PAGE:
Opened 6 years ago

Last modified 4 years ago

#894 new Patch submission

(v)s(n)printf hardening

Reported by: gvranken Owned by:
Priority: major Milestone:
Component: Generic / unclassified Version: OpenVPN 2.2.2 (Community Ed)
Severity: Not set (select this one, unless your'e a OpenVPN developer) Keywords:


vsnprintf is a function that can fail. It will always fail for strings
that require over 2 gigabytes of buffer space, for the simple reason
that this size cannot unambiguously be expressed in its return value;
a return value of >= 0 means that that many bytes were written to the
buffer, and a negative return value indicates overall failure. Because
the largest positive value of a signed int is 2 gigabytes, buffer
consumption is limited to that amount.
For some format strings, snprintf will also internally allocate
(usually small) heap buffers, and will return failure if any of these
allocations fail. I believe the FreeBSD internal dtoa() function
allocates heap memory, for instance. A memory leak in the main program
that can grow so large that vsnprintf cannot allocate its private
buffers, will result in failure. In principle, the main program
(OpenVPN) can never assume that a call to vsnprintf succeeds, unless
it returns a non-negative integer.

This is the current openvpn_snprintf in openvpn:

 277 bool
 278 openvpn_snprintf(char *str, size_t size, const char *format, ...)
 279 {
 280     va_list arglist;
 281     int len = -1;
 282     if (size > 0)
 283     {
 284         va_start(arglist, format);
 285         len = vsnprintf(str, size, format, arglist);
 286         va_end(arglist);
 287         str[size - 1] = 0;
 288     }
 289     return (len >= 0 && len < size);
 290 }

The vsnprintf specifications do not give a clear definition on what
the contents of the output buffer may be if the function fails.
Hence, if the call to vsnprintf within openvpn_snprintf fails, the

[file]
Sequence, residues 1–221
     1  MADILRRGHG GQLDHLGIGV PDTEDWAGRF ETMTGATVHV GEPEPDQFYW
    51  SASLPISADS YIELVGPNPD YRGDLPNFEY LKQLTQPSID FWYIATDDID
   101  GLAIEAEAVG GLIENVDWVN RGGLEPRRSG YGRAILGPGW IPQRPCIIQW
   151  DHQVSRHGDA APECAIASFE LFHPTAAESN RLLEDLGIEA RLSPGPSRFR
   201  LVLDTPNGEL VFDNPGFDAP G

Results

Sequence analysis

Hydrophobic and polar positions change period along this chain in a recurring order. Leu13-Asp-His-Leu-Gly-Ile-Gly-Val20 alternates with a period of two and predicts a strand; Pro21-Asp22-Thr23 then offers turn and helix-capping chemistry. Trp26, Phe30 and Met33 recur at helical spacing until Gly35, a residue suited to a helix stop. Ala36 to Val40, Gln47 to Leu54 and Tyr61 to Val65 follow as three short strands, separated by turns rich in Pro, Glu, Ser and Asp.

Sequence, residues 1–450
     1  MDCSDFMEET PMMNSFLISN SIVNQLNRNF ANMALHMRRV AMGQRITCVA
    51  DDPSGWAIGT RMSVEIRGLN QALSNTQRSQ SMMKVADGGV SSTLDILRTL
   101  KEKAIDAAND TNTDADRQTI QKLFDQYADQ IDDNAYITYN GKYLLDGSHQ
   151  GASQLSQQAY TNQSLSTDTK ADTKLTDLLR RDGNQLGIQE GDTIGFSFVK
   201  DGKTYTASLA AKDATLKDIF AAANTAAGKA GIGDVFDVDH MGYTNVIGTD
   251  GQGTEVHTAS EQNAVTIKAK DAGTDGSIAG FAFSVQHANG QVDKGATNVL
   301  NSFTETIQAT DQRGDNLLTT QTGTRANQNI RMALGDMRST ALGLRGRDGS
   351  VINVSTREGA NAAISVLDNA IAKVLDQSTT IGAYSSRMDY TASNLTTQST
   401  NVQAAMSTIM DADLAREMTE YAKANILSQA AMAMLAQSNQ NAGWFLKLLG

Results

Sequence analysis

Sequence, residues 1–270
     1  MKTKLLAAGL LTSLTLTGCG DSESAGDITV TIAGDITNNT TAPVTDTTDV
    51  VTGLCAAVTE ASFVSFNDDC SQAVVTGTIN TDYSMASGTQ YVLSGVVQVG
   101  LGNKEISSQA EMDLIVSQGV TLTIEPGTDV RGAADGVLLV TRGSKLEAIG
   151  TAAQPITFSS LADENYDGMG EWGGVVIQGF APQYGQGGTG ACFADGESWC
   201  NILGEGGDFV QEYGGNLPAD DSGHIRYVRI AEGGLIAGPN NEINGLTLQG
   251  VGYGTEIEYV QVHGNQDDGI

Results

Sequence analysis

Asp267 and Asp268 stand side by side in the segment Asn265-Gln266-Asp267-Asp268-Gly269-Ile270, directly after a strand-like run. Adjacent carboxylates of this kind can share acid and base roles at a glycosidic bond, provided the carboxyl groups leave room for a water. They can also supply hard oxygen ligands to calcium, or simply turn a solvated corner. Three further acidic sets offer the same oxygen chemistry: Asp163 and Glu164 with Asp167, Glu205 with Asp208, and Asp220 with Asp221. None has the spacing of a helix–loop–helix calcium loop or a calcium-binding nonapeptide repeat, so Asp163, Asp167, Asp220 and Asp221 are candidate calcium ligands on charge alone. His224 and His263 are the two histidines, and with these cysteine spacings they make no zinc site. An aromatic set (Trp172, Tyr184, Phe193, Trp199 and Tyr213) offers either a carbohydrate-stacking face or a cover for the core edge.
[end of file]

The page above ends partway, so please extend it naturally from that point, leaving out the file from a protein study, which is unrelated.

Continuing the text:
space str[0..size-1] may be uninitialized data. Many calls to
openvpn_snprintf do not check its return value, so if vsnprintf fails,
and the buffer contents is subsequently written to the peer (or to
any other channel, like a file), this could constitute a significant
data leak.

Also overlapping parameters will produce undefined buffer contents.

man vsnprintf explicitly says:

       Some programs imprudently rely on code such as the following

           sprintf(buf, "%s some further text", buf);

       to append text to buf.  However, the standards explicitly note
that the results are undefined if source and  destination  buffers
overlap  when  calling  sprintf(),  snprintf(),
       vsprintf(), and vsnprintf().  Depending on the version of
gcc(1) used, and the compiler options employed, calls such as the
above will not produce the expected results.

These are definitely corner cases, and I'm not aware of an easy to to
force vsnprintf failure in openvpn. But the stakes are high (private
crypto data and what have you), and other bugs (excessive string
generation that is then sprintf'ed, overlapping strings, memory
shortage) might lead to a significant security problem this way,
so my I'm attaching a patch that ensures that the final contents
of the output string is always a valid string that does not
contain uninitialized or unrelated data (barring any bugs in
the implementation of vsnprintf, which is outside OpenVPN's
responsibility or control).


Attachments (1)

0001-If-vsnprintf-fails-set-the-first-element-of-the-outp.patch (5.5 KB) - added by gvranken 6 years ago.

Download all attachments as: .zip

Change History (2)

comment:1 Changed 4 years ago by ethancampbell


Last edited 4 years ago by Eric Crist (previous) (diff)
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